3 Ways RNA Analysis will Change the Future of Genetic Testing

When it comes to medical questions, sometimes “unknown” is the worst answer you can receive. Uncertainty prevents a family from developing an action plan to combat bad news, or from achieving peace of mind when receiving good news. Yet for many patients who undergo genetic testing due to a suspected hereditary cancer syndrome, they are left with either an inconclusive result or without a molecular diagnosis. Two of the main reasons for this include:

1) The patient has a rare variant for which there isn’t enough credible information to say whether the variant is pathogenic or benign. These variants are more commonly known as “variants of unknown significance” (VUS)

2) The patient has a pathogenic mutation that is undetected due to the limitations of high-throughput, DNA-based genetic testing

This is where the benefits of adding simultaneous RNA analysis to current DNA-based genetic testing panels can be realized, and why RNA analysis has the potential to change the future of genetic testing.

Benefit #1 – RNA analysis will expand the reporting range of DNA-based genetic testing

Clinical diagnostic labs typically apply a reporting range limit to their DNA genetic testing panels. For most genes, this means not-reporting variants located beyond 5-10 nucleotides before and after the start of the exon (the part that encodes the mRNA and protein). This is because variants outside these ranges have a much lower probability of being pathogenic (i.e., disease-causing and would most often be classified as a VUS). Looking beyond these ranges would often just increase the VUS rate without increasing the overall diagnostic yield. However, a limited reporting range increases the chance that pathogenic variants outside the range are missed. Although such variants are rare, they can have significant clinical impact. The addition of RNA analysis enables expansion of the reporting range to identify and report these clinically actionable findings. For example, several studies have identified such mutations in over two percent of patients with neurofibromatosis, as well as in several patients with previously unexplained ataxia telangiectasia.1-4 These mutations were identified thanks to single-gene RNA genetic testing of NF1 and ATM, the genes known to cause these respective diseases.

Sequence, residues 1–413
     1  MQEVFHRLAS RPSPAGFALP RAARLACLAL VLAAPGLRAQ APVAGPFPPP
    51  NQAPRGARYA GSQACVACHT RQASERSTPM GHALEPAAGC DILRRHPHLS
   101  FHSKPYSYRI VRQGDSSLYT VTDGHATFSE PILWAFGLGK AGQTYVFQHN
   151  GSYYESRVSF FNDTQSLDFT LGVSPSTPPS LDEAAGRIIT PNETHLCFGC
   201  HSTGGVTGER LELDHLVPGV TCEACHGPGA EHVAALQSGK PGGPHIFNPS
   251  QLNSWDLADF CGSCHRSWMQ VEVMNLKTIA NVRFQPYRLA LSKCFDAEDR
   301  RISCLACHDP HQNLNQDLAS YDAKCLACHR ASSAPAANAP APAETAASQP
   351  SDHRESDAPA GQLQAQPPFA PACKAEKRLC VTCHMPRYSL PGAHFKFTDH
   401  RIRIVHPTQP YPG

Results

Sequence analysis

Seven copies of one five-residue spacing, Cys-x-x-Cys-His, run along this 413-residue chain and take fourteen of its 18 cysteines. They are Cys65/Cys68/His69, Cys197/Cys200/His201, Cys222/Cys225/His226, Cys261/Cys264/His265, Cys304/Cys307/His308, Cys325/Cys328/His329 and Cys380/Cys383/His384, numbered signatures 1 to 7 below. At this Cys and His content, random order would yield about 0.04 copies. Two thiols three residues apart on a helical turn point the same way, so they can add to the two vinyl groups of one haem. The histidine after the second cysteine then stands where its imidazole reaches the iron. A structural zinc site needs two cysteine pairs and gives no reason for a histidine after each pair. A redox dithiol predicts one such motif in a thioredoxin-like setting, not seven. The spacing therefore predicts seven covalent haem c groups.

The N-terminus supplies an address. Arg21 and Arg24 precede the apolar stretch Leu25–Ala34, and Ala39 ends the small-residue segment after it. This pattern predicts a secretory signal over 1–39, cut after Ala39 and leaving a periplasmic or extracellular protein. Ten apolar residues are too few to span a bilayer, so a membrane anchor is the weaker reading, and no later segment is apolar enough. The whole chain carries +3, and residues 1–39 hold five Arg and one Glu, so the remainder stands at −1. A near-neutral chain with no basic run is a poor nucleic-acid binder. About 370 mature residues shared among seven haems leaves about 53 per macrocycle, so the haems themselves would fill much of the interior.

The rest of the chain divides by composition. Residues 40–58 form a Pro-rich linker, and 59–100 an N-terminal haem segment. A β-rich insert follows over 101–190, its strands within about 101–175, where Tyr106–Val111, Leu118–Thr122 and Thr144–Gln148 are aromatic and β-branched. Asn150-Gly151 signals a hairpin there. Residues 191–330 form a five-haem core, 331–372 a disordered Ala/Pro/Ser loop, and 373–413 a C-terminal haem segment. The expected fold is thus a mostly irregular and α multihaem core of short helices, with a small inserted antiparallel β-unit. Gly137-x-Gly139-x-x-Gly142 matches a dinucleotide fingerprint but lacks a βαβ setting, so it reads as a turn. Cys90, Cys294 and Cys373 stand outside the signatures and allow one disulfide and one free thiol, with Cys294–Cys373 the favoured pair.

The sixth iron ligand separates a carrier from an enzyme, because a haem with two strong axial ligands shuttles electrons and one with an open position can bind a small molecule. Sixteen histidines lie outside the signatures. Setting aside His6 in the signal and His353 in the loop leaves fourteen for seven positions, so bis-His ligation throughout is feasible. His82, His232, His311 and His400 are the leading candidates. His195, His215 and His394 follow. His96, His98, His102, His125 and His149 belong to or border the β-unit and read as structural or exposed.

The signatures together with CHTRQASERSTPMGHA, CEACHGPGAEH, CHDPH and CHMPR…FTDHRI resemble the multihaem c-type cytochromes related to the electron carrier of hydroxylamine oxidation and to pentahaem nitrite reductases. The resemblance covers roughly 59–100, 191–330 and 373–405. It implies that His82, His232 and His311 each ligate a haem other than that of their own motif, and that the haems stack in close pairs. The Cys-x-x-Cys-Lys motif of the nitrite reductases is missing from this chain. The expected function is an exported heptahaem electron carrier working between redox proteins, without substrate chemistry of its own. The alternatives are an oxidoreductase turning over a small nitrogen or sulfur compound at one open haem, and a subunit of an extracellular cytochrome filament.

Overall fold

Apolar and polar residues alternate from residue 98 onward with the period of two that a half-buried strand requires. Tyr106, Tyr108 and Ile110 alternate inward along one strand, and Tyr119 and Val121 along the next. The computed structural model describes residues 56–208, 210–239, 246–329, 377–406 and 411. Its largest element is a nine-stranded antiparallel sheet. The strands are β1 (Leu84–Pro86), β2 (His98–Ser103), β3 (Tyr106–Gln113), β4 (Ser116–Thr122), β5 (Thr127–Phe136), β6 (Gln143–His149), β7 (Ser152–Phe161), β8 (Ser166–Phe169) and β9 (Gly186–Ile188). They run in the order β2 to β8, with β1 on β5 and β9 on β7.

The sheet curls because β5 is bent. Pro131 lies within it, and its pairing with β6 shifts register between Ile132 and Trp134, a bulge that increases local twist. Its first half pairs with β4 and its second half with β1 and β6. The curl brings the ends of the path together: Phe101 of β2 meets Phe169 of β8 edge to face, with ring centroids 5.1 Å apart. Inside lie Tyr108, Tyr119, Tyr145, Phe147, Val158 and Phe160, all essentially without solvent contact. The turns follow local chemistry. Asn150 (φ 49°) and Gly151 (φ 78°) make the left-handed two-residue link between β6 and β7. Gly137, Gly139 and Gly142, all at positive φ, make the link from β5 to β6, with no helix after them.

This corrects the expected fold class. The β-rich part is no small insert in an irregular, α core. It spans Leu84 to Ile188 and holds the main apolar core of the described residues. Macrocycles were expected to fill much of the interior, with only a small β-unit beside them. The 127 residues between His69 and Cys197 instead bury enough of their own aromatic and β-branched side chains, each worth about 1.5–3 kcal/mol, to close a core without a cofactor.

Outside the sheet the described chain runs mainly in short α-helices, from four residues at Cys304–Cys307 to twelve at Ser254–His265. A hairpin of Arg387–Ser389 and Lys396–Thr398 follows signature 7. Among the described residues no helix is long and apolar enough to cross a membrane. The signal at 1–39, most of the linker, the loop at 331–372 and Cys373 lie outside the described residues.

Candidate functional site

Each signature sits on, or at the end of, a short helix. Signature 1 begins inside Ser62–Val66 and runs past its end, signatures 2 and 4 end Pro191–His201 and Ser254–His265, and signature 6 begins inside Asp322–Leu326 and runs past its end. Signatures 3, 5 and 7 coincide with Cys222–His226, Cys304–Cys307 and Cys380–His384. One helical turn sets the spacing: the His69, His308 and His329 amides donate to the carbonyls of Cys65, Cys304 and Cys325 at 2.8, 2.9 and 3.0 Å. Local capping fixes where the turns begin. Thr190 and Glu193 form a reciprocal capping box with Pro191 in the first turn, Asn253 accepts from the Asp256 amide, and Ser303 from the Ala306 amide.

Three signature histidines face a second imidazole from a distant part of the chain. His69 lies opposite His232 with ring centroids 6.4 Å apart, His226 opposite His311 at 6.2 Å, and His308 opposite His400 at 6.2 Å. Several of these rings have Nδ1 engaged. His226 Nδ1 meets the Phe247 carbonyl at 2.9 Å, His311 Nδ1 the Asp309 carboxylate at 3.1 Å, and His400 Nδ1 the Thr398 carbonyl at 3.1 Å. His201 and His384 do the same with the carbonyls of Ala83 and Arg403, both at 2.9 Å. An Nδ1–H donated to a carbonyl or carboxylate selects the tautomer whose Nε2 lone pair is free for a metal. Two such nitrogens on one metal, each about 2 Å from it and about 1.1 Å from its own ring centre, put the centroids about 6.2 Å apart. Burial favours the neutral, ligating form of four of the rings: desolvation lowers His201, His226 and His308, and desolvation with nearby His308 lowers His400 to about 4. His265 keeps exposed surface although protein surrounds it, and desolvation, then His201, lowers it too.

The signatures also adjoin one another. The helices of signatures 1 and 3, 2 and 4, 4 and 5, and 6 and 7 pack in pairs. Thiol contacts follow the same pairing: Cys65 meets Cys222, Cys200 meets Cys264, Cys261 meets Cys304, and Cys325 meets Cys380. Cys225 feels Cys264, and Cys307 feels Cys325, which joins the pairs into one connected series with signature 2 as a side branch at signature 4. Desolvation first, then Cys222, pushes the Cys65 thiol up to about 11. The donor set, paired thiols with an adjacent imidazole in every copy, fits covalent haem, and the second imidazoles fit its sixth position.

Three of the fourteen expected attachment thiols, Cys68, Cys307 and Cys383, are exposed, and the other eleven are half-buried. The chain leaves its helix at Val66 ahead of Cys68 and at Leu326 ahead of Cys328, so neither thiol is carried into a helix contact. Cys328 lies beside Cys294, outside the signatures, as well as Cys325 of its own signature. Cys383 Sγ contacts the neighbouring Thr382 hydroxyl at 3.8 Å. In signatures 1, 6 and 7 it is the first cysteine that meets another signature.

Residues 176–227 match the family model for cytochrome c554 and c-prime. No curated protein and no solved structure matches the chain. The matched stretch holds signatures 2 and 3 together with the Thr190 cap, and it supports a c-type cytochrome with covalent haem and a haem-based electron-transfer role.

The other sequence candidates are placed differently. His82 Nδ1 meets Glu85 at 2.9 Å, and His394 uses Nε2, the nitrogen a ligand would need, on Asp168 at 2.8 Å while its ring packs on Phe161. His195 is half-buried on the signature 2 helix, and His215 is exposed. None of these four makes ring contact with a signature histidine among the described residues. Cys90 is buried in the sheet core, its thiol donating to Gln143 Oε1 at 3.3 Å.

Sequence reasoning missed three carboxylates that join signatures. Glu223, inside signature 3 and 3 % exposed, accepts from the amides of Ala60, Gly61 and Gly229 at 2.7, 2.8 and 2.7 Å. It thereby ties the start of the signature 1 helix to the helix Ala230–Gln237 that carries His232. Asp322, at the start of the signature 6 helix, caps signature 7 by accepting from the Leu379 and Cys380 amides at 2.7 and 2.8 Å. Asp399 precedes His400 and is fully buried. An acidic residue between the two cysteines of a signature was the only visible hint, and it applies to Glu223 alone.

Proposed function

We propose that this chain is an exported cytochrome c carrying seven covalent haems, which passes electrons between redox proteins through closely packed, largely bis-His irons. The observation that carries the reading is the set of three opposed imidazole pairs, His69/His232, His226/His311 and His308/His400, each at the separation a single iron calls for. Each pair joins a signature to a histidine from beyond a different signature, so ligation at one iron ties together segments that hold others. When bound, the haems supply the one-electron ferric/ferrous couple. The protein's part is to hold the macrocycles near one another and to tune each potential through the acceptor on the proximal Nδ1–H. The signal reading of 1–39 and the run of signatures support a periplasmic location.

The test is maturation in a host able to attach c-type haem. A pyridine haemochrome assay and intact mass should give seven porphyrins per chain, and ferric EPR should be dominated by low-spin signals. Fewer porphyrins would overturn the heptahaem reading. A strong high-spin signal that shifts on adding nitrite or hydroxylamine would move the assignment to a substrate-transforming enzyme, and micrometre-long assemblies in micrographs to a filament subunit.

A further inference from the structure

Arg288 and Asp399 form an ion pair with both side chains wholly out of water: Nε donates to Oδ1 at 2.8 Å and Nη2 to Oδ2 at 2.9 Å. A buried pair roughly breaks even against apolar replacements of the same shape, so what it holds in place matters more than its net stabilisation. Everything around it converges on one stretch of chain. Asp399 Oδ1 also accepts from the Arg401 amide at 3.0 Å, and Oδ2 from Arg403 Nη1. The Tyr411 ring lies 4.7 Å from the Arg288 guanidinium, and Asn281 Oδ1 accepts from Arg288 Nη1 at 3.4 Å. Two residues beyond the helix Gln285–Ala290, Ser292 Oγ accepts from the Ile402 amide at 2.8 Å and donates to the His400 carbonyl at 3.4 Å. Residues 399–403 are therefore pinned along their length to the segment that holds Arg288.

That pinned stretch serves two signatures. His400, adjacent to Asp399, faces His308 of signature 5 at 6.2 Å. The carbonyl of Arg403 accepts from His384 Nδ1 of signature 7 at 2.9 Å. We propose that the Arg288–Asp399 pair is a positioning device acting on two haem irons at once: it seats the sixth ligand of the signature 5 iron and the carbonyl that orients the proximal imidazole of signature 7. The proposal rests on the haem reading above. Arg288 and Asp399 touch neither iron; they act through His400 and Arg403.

RNA-targeted searching for genomic mutations is obvious in the case of NF1 and ATM where there is a clear genetic link between the disease and a single gene. However, in less obvious clinical scenarios, such as a strong family history of breast cancer where numerous genes may be the cause, single gene RNA testing is impractical and cumbersome. However, RNA testing of a panel of cancer genes can give genetic testing labs the opportunity to do the same type of investigations and remove the limitations of a formal reporting range.


Benefit #2 – RNA analysis will provide real-time data to help clarify the significance of VUS

Variants that are near an intron-exon boundary are much more likely to cause a splicing defect, leading to pathogenicity; and in the case of some genes, they’re a significant cause of pathogenicity—as high as 40 to 50 percent.5-6 However, there are also many reasons why these intronic variants might not be pathogenic, and RNA genetic testing can help distinguish the pathogenic from the non-pathogenic intronic alterations. For example, variants that are more than 3 nucleotides away from the intron-exon boundary most often start as VUS and require additional investigation and evidence to resolve the classification. This investigation can be done proactively, as Ambry Genetics has been doing for over three years in the ATG Lab; or it can be done passively by waiting for another research lab to publish RNA data; but the latter could take years, if it’s done at all.